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62CE - Retrofitting Office and Multi-Residential Buildings Sustainably

25 May 2018 2:00 PM - 3:30 PM



1.5 ConEd Learning Hours
1.5 AIA CES LU

Existing buildings comprise the largest segment of our built environment. One of the most sustainable ways to provide housing to Toronto’s growing population is to renew the existing housing stock. To address sustainability in the process of retrofitting buildings, four major aspects need to be considered: the feasibility of upgrading the building for energy efficiency, the effective implementation of current codes and standards, the decision to restore existing materials where suitable, and the selection of new materials based on durability and design longevity.

The course will address types of energy-related upgrades available, and a case study of a small commercial building in the city centre will highlight the metrics used to determine if a particular improvement is economically viable. Also covered are common violation of building codes and standards that must be rectified in older buildings in the province of Ontario. Example projects of multi-residential buildings in Toronto will be presented to illustrate lessons learned regarding material restoration of the typical conditions encountered in buildings from different eras. The palette of materials chosen for each retrofit will be reviewed for sustainable merit.

Learning Objectives

  1. Understand metrics to determine if an energy efficiency upgrade should be pursued.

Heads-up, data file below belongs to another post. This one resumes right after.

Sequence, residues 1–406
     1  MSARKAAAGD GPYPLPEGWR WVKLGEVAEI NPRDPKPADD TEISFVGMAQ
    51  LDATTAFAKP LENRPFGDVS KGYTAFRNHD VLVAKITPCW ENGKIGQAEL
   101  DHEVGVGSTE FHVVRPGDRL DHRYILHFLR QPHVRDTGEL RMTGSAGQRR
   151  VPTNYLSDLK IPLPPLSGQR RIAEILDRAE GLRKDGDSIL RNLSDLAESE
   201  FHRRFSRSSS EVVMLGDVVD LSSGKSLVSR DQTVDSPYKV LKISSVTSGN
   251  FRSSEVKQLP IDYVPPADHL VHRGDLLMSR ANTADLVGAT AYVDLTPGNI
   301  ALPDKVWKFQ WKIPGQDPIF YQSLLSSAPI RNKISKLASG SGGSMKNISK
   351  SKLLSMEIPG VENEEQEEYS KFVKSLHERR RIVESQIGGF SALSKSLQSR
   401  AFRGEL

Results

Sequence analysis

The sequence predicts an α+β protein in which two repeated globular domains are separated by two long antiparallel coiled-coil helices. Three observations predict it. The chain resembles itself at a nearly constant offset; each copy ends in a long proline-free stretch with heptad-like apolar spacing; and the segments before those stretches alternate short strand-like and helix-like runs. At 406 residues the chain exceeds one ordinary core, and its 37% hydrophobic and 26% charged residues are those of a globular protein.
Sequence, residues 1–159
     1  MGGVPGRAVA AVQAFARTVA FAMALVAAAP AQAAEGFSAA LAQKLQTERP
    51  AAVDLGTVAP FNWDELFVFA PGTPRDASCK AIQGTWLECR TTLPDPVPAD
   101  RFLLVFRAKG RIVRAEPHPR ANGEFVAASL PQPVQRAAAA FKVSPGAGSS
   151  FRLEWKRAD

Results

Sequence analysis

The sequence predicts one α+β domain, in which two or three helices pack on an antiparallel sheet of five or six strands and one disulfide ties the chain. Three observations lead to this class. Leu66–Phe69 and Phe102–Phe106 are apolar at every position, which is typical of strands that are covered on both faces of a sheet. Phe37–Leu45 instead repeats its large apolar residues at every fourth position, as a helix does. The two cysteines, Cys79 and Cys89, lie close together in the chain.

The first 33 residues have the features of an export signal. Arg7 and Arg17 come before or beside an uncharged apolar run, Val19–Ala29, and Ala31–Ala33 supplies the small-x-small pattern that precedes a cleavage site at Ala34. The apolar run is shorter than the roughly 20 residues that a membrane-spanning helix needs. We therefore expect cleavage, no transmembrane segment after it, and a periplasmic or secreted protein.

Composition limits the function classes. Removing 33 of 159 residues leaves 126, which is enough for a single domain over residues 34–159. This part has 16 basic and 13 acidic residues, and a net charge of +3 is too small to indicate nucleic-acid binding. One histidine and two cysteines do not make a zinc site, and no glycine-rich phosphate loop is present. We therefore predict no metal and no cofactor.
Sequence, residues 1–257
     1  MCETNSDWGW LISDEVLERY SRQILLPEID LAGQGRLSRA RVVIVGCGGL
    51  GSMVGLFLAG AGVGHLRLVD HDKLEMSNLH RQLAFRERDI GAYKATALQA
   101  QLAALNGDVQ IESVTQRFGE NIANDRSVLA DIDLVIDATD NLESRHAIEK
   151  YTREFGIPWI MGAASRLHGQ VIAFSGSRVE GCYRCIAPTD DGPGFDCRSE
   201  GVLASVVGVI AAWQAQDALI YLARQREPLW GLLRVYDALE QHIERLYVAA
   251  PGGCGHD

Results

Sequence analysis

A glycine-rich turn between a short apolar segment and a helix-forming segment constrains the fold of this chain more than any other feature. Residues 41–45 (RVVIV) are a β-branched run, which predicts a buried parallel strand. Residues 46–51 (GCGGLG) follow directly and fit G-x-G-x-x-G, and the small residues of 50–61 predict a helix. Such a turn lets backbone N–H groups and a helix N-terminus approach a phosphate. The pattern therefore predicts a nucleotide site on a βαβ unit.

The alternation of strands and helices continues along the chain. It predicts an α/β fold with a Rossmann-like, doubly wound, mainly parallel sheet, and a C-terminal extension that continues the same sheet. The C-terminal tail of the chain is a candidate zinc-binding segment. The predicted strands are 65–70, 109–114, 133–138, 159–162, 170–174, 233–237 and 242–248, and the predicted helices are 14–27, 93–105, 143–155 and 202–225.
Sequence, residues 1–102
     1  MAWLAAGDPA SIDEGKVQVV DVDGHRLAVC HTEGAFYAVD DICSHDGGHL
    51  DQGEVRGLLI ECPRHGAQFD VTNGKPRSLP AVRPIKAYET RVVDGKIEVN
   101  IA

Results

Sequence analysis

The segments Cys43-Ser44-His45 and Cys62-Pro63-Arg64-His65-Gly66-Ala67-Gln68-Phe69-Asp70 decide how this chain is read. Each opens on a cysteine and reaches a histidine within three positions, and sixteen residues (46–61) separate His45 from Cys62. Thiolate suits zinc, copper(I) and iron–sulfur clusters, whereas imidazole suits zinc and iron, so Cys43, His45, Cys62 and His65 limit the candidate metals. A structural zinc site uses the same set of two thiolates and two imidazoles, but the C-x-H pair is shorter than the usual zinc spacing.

2. Learn about updating buildings to meet current standards, abating hazardous materials and abiding by current accessibility standards and fire code regulations.
  3. Learn about the restoration of common materials found in aging buildings, such as terrazzo.
  4. Understand the selection of new materials based on durability, sustainability and design longevity.

Speaker
Christina Linda Chan, B.E.S., M.Arch., OAA

Christina is the first in-house architect for Akelius Canada, a real estate management company for multi-residential buildings and a subsidiary of its global affiliate of the same name. Before joining this Swedish firm, Christina worked on new builds of apartments in China, Australia and Canada. She has worked in Berlin, Melbourne and Toronto with architecture firms GMP, Elenberg Fraser and Diamond Schmitt Architects. Her interest in improving existing conditions began with her master’s thesis, “The City under the City: in/to the PATH,” where she proposed retrofitting the subterranean pedestrian network with sensory cues for spatial orientation.

This session is sponsored by Canam Buildings